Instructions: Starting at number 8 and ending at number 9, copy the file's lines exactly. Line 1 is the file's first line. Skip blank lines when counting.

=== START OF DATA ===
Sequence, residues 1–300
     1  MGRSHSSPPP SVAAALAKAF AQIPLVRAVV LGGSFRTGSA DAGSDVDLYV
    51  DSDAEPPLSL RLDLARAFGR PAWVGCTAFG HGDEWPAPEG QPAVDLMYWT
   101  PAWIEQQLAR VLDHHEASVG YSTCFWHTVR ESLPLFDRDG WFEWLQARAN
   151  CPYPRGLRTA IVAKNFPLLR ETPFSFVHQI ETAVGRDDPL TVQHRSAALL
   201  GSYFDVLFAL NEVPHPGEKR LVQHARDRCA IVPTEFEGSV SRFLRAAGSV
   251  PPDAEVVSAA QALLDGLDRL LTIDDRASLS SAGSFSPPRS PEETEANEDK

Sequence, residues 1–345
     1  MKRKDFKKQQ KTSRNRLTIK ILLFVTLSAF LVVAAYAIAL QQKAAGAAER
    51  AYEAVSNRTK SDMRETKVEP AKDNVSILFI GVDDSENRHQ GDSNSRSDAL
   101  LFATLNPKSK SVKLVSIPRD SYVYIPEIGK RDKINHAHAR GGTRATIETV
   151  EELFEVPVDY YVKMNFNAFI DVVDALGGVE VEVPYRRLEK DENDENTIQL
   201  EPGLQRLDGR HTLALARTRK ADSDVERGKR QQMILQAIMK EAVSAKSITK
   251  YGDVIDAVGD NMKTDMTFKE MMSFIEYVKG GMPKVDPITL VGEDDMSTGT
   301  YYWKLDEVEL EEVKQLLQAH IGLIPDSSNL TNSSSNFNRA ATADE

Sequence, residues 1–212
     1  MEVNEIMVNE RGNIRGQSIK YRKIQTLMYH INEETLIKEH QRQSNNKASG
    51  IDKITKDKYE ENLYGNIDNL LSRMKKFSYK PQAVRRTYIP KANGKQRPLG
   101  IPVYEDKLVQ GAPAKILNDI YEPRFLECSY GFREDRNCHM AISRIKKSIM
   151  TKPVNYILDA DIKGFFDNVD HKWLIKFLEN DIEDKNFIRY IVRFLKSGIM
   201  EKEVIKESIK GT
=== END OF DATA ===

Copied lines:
Sequence, residues 1–345
     1  MKRKDFKKQQ KTSRNRLTIK ILLFVTLSAF LVVAAYAIAL QQKAAGAAER